This drawing shows the different companies on both sides of the Channel
involved in the design and construction of Concorde
Filton: Building Concorde (1971)
Pictures and text by Christian JULIUS
At the time of these photos ware taken by Christian , the prototypes 001 and 002 had already been flying for over two years. The first pre-production aircraft 01 was nearing completion, to be followed later by 02 in France. Assembly of the first production aircraft (201 in France, 202 in Britain) had started.
The "Brabazon" hangar.
The first pre-production aircraft (01, G-AXDN) is at the left. Structural assembly is complete, and system tests are underway.
The first British production aircraft (202, future G-BBDG) is taking shape at the right.
Another view across the hangar, with 202 in front and 01 in the back.
Rolls Royce / SNECMA had its own "boarded-off" area for the engines (in the foreground).
There was still space for an RAF Brittannia being overhauled (right at the back).
01 - G-AXDN
At this time, 01 is structurally complete. Major items such as the engines and landing gear have been installed.
The aircraft is "off the ground" (on jacks) so that, for instance, the functioning of the landing gear can be tested.
On these photos the nose is fully down to its mechanical limits. In operation, the nose would droop 5¡ at take-off and 17¡ at landing.
The 17¡ at landing was later decreased to 12¡, to provide the pilot with a better visual reference.
202 - (future G-BBDG)
At this time, 202 is still in the "jigs" (the massive frames that serve as a template to assemble the airframe).
Two pictures that show how thin the wing and vertical tail of Concorde really are.
Another look at the Rolls Royce / SNECMA area, where the engines are being prepared.
Rollout of 01, September 20, 1971
It didn't take long before 01 was again surrounded by platforms, scaffolding and barriers. Testing had to go on!
A roll-out doesn't mean you're ready to fly!
Three of the four variable engine nozzles / thrust reversers were provisionally replaced by space frames.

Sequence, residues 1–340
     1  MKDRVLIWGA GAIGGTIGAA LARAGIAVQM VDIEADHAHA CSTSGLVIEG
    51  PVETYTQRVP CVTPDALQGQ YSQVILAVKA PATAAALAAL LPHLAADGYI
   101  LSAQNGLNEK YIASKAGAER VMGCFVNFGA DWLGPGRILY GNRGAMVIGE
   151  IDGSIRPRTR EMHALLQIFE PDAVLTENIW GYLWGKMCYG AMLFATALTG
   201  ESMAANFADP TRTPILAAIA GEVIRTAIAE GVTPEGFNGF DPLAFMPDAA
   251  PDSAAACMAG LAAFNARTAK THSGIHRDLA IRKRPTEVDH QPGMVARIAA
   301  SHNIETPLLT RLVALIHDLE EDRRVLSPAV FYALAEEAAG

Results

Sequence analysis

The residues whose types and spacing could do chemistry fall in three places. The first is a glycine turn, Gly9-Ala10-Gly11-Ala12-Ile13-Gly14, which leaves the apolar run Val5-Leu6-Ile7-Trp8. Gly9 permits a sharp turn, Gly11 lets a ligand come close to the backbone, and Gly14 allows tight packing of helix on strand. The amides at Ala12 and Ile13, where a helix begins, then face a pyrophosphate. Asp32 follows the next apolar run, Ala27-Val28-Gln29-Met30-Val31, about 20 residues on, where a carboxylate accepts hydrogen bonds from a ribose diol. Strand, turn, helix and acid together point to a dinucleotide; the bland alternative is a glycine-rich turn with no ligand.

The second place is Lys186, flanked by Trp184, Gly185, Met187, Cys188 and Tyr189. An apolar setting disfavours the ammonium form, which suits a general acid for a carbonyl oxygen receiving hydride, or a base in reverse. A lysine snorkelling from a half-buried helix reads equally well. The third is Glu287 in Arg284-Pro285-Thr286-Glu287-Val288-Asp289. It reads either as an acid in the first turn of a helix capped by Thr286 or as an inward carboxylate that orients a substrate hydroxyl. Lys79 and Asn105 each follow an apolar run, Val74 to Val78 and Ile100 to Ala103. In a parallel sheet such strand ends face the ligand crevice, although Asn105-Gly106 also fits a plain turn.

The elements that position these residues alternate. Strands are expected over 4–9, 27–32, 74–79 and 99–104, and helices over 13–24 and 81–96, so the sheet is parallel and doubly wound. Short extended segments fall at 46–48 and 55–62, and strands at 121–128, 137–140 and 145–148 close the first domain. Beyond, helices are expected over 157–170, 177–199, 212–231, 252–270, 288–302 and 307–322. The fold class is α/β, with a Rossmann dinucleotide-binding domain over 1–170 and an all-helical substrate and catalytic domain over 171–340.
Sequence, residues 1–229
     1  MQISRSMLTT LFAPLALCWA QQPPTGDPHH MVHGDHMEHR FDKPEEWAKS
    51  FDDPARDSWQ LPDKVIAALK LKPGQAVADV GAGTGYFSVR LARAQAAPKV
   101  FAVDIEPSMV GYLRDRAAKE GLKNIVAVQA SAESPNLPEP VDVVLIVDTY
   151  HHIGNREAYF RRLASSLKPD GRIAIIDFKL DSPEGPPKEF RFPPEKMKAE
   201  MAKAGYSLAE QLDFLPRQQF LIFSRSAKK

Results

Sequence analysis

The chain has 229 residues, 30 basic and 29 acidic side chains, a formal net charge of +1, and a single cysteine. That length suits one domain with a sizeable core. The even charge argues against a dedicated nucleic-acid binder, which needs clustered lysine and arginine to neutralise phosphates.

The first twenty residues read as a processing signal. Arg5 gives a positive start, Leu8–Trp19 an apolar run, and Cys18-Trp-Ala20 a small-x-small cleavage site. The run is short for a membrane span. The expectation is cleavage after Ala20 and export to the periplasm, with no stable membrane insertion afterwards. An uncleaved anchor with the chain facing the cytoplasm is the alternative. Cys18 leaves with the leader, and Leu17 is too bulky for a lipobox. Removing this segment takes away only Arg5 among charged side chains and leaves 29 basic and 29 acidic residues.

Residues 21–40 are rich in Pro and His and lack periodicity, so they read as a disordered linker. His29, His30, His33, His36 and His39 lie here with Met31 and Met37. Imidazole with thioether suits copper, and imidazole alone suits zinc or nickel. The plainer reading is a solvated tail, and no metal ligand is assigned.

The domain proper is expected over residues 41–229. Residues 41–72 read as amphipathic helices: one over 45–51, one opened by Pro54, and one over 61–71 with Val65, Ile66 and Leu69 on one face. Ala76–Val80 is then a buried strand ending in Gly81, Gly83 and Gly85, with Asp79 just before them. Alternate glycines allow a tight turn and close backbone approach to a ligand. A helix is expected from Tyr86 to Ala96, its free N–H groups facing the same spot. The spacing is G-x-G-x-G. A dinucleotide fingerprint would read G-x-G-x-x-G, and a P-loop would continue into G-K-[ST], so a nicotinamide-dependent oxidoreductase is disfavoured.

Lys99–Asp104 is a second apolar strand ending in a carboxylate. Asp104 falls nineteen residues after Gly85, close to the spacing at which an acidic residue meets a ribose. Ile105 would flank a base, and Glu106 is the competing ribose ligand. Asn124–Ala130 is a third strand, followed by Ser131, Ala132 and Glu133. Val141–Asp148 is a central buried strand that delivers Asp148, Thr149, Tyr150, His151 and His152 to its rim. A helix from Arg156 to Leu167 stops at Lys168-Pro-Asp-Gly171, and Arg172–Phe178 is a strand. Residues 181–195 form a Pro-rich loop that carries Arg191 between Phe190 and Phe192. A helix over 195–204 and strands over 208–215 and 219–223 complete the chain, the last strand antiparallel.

The covers for the rudder flying controls haven't been installed yet.
Makes sense, if they've got to come off again for further testing anyway!
You'll also note:
- 01 was the last aircraft with a "short" tail. The French pre-production aircraft 02 was the first to feature the extended tail that is also used on the production aircraft.
- The tail skid (that prevents either the tail or the rear of the engine nacelles striking the ground during a high-angle take-off or landing) was replaced on 02 and on the production aircraft by a bumper with two small wheels.
Aircraft 02 (F-WTSA) with the extended tail, and wheels on the tail bumper.
Escape hatch tests
The prototypes and pre-production aircraft had escape hatches located at the front and center of the cabin, on the right side (see pictures in the Development Fleet section elsewhere on this site).
In an emergency, the hatches would have been blown off and steel ramps would have dropped down into the airstream, to allow the crew to bail out even at high speeds. They were never needed in earnest, but they still had to be tested! A large fishnet-like contraption was rigged below the hatch for these tests.
The enlargement below shows the "fishnet".
01 first flew on December 17, 1971
01 taking off on an early test flight.
202 did not fly until February 13, 1974, more than two years later
202 taking off from Filton on its first flight